Early Christian Stones

Numerous carved tombstones have been found in Govan Old Churchyard include five hogbacked, carved tombstones,which reflect Viking influence, and an elaborately carved stone coffin known as The Govan Sarcophagus.

The stones can be seen inside the Victorian Gothic Revival church (1883-8 by Robert Rowand Anderson).

Over the last 150 years 47 carved stones have been recorded at Govan, of which 31 survive today, all now protected within the church. They date from the 9th to 11th century. They were found within the churchyard which was once surrounded by a bank and ditch. The evidence of excavations indicates that this was an early Christian site going back to the 5th or 6th century AD. There have been several previous churches here but only traces of the foundations seem to remain from the medieval church which was demolished  in 1762. However, beneath these foundations archaeologists found signs of still earlier burials.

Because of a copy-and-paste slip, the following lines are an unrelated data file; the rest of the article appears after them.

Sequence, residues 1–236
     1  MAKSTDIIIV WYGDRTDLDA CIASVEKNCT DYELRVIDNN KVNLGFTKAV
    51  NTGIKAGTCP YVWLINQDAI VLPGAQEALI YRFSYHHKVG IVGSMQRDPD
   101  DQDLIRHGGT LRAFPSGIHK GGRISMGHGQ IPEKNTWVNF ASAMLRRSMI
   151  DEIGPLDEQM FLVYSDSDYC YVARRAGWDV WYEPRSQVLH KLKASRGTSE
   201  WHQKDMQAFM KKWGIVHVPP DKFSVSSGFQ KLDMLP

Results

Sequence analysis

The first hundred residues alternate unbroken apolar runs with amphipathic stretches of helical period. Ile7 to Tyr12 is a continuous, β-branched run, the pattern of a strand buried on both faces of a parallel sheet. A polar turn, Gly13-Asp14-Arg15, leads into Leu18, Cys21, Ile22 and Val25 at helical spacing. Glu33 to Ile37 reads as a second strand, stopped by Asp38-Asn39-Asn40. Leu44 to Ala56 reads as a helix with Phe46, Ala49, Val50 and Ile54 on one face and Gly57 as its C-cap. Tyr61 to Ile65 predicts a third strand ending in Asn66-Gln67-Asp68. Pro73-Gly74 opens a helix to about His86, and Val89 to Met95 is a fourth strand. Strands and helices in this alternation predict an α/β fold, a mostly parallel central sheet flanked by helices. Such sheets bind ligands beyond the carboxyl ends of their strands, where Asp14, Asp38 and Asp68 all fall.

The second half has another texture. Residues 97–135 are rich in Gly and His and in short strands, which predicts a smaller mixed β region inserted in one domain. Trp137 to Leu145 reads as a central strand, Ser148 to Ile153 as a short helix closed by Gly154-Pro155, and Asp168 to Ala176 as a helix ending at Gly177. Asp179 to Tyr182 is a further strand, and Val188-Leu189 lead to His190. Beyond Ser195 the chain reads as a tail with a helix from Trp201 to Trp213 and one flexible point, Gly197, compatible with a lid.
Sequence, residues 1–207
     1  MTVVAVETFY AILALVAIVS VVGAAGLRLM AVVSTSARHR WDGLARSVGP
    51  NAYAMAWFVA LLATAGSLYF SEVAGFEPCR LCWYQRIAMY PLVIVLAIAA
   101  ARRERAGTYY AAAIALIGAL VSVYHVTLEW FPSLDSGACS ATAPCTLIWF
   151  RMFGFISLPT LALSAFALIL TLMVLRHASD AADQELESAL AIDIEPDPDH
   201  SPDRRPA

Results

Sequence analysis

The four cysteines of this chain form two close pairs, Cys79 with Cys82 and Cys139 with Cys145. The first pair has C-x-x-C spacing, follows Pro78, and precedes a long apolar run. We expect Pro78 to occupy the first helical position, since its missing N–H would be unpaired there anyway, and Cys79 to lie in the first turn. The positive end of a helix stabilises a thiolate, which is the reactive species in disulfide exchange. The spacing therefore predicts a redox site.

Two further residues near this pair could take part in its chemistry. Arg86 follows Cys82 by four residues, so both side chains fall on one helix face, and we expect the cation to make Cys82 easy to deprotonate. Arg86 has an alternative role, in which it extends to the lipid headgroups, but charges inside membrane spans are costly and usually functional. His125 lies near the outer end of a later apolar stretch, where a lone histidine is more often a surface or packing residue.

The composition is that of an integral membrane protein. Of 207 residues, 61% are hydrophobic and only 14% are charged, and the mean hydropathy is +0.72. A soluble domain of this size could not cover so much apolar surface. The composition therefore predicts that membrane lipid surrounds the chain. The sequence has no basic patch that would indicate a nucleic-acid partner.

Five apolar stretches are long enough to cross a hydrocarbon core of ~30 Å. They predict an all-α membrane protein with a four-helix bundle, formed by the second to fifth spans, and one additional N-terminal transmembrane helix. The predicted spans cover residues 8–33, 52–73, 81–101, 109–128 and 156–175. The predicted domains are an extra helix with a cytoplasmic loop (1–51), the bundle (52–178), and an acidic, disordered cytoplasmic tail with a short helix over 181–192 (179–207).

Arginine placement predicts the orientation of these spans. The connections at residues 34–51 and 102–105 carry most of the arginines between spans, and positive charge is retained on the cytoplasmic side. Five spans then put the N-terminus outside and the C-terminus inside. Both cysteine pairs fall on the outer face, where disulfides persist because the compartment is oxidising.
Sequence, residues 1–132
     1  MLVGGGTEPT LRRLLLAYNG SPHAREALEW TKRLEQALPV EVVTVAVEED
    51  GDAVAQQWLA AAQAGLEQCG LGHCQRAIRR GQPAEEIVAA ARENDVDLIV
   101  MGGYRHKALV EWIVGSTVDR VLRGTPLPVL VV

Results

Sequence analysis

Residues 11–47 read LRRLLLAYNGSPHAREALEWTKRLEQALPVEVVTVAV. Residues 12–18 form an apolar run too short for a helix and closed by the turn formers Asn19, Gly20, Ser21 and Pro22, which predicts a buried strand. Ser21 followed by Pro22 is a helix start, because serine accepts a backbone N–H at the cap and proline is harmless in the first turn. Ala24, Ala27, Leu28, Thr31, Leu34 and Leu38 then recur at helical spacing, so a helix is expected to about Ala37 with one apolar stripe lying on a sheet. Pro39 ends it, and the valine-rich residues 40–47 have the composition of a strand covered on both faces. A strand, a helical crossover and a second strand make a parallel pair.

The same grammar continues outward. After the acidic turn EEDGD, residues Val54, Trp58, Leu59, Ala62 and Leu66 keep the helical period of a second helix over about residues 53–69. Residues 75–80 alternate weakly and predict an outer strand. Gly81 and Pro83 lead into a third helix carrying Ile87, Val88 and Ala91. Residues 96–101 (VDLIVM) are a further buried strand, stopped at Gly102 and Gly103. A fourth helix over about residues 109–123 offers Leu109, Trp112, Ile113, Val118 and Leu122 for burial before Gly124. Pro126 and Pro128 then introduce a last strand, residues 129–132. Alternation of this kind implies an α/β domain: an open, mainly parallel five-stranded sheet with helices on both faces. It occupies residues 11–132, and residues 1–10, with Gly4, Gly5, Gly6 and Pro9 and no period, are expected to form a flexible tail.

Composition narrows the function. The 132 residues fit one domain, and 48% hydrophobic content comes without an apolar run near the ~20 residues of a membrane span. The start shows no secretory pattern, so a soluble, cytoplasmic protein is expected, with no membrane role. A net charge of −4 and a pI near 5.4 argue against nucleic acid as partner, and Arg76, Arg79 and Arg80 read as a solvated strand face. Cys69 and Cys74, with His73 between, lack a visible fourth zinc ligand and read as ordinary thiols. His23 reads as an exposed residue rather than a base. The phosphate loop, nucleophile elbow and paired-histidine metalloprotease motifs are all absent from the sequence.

Nearby, though it has now been levelled, was a mound known as the Doomster Hill, probably used as a ceremonial gathering place. It indicates the importance of Govan in the early medieval period. It has been suggested that this could have been a royal graveyard associated with the kingdom of Strathclyde the centre of which was at Dumbarton.

The most ornate carving of a horseman, animals and interlace patterns, is on the sandstone tomb known as The Govan Sarcophagus and associated (though it cannot be proved) with the original dedicatee of the church, St Constantine who may have been the Scottish king Constantine, son of Kenneth, who ruled from 862-878. It is the only sarcophagus carved from solid stone known from pre-Norman north Britain. There are also individual carved crosses and cross slabs. The most remarkable monuments are five hogback gravestones, carved with roof tiles and with stylised animal end pieces. These date from the mid to late 10th century and are the largest group known anywhere in Britain. They are all associated with areas of strong Viking influence, probably through trade and perhaps settlement along the Clyde.

Visit the Govan Stones to see for yourself.

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